CAROL MAYER-REED, FASLA, is a partner with Portland-based design firm Mayer/Reed. As a landscape architect and urban designer, she designs parks, waterfronts, streetscapes, college campuses and public open spaces in the Pacific Northwest. Carol is intrigued by the evolution of street vendors in Portland. She is particularly interested in studying how the food cart phenomenon and has activated the public realm, how it has created vitality out of vacant and underutilized space, and its positive social effects on the street life of Portland’s downtown and neighborhoods.
MICHAEL REED is a partner with Portland-based design firm Mayer/Reed. As a product and graphic designer, he designs wayfinding and signage programs for public spaces associated with streetscapes, public transit, cultural facilities, university and corporate campuses in the United States. Michael is engaged with how visual communication informs users and defines place in the built environment. He is interested in how clusters of food carts located in vacant lots and parking lots contribute to the character of neighborhoods through the materials, site amenities, and iconographic elements they employ.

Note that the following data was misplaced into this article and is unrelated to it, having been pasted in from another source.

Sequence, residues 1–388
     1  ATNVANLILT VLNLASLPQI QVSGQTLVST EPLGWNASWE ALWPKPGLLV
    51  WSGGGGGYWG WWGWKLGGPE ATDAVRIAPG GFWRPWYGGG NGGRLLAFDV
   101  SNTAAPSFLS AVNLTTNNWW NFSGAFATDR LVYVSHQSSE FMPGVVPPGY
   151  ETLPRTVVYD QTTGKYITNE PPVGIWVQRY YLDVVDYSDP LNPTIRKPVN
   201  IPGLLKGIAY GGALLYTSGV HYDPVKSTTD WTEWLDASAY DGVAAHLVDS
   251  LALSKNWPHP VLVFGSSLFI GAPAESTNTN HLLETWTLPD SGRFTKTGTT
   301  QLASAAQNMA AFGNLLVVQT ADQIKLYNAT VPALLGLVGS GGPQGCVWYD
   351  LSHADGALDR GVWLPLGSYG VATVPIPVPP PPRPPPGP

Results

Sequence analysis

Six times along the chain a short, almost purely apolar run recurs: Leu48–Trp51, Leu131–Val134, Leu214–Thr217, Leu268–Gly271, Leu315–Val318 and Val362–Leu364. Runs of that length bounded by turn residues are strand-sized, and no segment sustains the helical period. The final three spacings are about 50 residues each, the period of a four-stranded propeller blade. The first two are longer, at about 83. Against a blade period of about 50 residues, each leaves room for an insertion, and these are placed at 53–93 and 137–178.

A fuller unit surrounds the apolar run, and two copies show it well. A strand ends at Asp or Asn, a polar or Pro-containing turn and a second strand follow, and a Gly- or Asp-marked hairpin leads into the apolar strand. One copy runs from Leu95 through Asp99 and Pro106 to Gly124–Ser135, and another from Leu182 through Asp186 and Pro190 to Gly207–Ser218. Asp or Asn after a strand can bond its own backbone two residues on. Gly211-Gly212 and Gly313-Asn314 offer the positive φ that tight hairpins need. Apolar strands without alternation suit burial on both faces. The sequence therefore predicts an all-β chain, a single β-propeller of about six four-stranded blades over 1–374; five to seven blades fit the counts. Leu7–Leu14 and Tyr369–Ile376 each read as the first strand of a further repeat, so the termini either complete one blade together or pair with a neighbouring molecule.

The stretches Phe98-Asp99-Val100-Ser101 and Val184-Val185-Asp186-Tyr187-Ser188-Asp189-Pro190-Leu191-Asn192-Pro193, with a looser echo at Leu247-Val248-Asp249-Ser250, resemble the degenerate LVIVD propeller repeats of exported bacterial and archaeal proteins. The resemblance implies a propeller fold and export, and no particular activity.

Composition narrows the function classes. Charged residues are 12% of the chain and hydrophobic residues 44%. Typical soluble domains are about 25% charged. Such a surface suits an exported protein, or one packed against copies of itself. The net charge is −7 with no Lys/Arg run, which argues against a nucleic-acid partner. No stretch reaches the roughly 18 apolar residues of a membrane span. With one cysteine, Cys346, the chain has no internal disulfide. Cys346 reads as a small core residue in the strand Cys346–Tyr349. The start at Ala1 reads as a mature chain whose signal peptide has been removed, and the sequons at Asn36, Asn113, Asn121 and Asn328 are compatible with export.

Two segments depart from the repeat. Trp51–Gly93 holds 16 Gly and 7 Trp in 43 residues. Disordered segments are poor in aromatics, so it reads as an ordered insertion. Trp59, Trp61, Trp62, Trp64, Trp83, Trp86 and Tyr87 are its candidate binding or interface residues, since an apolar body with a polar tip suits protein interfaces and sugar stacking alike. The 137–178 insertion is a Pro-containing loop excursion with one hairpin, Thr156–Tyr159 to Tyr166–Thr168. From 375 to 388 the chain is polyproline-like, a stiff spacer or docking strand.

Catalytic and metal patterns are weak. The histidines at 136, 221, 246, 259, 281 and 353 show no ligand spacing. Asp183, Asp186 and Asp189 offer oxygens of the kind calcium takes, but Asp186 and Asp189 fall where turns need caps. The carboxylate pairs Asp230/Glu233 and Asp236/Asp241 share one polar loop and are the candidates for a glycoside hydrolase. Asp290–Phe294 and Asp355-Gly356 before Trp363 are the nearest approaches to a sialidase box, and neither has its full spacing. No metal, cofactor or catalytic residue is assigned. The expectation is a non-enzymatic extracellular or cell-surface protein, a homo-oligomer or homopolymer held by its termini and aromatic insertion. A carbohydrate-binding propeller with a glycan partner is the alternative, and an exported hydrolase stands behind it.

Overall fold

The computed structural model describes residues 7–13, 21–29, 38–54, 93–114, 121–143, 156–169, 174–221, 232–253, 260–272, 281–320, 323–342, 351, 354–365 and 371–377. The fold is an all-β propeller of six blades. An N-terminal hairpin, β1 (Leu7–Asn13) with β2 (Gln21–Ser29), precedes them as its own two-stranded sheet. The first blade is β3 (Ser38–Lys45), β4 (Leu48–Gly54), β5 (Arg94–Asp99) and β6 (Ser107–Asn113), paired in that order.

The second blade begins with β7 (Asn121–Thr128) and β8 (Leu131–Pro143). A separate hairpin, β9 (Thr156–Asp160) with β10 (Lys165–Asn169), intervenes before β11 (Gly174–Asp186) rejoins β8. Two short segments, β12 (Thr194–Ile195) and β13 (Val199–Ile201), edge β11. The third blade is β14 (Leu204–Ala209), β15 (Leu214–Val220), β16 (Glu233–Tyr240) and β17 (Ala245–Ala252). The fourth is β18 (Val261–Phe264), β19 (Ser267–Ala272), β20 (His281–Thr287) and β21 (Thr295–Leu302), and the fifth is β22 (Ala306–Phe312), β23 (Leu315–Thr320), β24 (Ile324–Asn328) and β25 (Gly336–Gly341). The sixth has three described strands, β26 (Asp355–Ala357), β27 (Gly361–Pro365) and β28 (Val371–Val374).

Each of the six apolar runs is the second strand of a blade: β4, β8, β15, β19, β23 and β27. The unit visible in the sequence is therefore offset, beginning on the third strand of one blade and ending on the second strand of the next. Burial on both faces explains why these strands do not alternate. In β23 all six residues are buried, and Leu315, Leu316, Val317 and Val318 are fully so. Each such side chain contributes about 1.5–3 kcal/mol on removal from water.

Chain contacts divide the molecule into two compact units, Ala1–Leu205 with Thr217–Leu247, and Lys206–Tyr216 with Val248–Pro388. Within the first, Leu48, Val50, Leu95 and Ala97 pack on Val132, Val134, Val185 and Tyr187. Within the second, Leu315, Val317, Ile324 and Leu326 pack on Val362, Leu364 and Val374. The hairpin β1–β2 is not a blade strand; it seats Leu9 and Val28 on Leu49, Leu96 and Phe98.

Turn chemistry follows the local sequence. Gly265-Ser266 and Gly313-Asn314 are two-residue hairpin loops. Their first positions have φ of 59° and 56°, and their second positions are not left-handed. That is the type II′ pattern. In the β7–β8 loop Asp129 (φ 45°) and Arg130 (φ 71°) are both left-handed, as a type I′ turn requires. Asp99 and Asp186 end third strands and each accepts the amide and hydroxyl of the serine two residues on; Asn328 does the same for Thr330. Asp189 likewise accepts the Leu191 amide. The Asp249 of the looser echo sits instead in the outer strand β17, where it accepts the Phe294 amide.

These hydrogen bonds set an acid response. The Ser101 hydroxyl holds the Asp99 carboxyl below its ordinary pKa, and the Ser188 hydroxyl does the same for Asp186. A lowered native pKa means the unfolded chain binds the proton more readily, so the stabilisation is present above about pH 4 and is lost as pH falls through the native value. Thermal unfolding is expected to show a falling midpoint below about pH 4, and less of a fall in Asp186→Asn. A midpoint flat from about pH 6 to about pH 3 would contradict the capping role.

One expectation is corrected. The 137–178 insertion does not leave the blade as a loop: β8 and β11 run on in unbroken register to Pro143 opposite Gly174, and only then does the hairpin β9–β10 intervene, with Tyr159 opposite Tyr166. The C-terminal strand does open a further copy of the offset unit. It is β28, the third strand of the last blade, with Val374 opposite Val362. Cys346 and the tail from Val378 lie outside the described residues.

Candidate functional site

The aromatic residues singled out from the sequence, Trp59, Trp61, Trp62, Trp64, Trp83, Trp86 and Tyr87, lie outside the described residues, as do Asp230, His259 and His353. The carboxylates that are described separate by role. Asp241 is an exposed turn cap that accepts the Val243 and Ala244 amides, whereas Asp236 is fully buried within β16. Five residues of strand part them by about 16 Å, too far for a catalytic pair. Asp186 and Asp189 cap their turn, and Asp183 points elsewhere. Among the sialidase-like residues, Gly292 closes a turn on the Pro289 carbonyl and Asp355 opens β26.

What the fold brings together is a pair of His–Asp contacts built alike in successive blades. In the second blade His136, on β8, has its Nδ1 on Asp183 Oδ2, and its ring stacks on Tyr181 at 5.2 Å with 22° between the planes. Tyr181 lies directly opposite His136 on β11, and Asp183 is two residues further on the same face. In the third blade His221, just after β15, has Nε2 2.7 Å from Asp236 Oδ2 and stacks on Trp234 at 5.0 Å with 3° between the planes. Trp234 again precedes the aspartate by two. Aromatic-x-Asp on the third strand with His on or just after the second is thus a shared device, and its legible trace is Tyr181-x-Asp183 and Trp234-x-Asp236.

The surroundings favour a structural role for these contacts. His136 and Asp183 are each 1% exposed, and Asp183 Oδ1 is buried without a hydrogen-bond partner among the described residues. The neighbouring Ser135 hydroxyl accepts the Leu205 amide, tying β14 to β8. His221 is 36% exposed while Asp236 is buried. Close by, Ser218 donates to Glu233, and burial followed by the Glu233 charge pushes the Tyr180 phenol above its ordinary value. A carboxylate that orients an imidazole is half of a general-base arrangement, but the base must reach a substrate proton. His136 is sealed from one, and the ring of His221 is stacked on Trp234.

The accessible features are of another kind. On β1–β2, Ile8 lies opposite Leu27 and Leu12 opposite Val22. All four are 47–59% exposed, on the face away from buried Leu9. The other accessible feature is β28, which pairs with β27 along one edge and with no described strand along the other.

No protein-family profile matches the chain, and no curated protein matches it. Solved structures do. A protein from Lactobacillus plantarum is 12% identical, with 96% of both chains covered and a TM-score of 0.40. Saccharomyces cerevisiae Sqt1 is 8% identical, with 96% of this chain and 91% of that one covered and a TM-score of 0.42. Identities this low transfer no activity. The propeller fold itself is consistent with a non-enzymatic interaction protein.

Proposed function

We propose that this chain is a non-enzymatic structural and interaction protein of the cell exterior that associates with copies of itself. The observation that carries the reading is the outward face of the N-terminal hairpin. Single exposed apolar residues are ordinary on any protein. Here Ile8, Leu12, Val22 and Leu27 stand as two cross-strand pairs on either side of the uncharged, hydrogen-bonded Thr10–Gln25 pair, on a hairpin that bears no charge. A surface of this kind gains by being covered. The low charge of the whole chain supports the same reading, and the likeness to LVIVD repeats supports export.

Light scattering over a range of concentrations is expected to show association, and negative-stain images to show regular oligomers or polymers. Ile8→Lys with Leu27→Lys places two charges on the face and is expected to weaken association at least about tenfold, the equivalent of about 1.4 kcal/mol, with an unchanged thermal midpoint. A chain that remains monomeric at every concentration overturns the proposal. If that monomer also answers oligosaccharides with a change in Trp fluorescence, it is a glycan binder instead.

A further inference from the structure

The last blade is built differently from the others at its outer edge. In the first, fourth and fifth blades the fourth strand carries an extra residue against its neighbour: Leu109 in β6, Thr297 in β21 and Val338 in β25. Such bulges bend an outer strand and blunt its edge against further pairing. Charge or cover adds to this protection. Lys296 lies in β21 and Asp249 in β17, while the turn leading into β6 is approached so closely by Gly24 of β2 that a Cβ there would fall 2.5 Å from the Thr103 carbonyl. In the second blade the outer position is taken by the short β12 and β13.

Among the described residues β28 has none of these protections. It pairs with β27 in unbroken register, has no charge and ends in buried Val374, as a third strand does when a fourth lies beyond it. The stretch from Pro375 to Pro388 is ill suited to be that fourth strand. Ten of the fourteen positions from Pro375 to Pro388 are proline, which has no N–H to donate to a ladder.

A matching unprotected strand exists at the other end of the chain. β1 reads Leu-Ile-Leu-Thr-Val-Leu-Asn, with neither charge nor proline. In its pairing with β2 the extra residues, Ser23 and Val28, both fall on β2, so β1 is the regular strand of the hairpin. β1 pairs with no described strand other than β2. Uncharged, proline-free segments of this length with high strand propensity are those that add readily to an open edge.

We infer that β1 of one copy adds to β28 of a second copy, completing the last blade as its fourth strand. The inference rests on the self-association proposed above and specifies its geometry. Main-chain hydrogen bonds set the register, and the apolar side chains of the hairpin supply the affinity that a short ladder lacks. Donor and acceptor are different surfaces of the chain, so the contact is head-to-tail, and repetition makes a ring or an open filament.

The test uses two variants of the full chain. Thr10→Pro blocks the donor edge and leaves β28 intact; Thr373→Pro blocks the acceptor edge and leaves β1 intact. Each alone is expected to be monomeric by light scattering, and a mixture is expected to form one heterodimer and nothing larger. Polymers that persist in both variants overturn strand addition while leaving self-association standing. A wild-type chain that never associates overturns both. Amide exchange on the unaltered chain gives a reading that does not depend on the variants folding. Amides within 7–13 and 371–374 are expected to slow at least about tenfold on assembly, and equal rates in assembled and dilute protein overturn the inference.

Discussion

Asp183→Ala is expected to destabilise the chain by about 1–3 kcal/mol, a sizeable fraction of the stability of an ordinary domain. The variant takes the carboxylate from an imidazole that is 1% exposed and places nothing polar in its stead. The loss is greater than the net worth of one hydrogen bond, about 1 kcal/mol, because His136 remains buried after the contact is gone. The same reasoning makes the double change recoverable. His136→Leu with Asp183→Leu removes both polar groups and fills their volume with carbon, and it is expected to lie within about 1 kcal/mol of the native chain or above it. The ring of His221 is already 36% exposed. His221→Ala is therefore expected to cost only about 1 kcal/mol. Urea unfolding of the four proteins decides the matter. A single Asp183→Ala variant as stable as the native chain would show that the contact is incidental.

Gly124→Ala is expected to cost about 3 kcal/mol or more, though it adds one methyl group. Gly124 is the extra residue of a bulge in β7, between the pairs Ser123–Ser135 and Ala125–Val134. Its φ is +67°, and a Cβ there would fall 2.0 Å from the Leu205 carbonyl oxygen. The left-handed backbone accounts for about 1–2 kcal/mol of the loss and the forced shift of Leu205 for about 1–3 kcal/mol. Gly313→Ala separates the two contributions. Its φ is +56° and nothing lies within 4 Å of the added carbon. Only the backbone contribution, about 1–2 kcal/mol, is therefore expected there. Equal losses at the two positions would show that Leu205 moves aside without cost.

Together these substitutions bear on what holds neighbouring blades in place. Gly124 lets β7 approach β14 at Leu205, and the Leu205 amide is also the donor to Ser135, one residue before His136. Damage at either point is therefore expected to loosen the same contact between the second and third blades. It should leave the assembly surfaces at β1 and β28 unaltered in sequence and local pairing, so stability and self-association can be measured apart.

Kevin Cavenaugh, Architect and Guerilla Developer
Marcy McInelly, Architect, SERA Architects
Joseph Readdy, Architect
Charles Heying, Portland State University
Jack Corbett, Portland State University
Alma Flores, City of Portland, Bureau of Planning and Sustainability
Mike Ebling, City of Portland, Bureau of Development Services
Joe Botkins, City of Portland, Bureau of Development Services
Richard Eisenhauer, City of Portland, Bureau of Transportation
Kim Kosmass, City of Portland, Fire Bureau
Randall Howath, Multnomah County, Department of Health
Dave Martin, Oregon Department of Health Services
Sarah Castagnola, Mercy Corps
Jonath Colon, Hispanic Metropolitan Chamber
Neeley Wells, Urban Development Partners
Jason King, TERRA.fluxus, LLC
Bryan Johnson, Innovision Homes, LLC
Jason Britsas, Northwest Mobile Kitchens
Rick Zeidman, Northwest Mobile Kitchens
Ray Koernig, Curbside Grill
Addy Bittner, Addy’s Sandwich Bar
Trey Corken, The Swamp Shack
Supakjanat Brunjongaksorn and Kris Haefker, Phong’s
Shelley Sorensen, Honkin’ Huge Burritos
Kirsten Jensen, Sugar Cube
Matt Breslow, Grilled Cheese Grill
Andrea Spella, Spella’s Caffe
Trevor Hunt, City of Cleveland
Gabriela Juarez, City of Los Angeles
Maria Garcia, City of New York
Mike Krell, Austin Food Carts
Christiane Lauterbach, Atlanta Street Food Coalition
Thanks to all of the food cart vendors who submitted your stories and endured our incessant questioning. You make writing a book about you fun!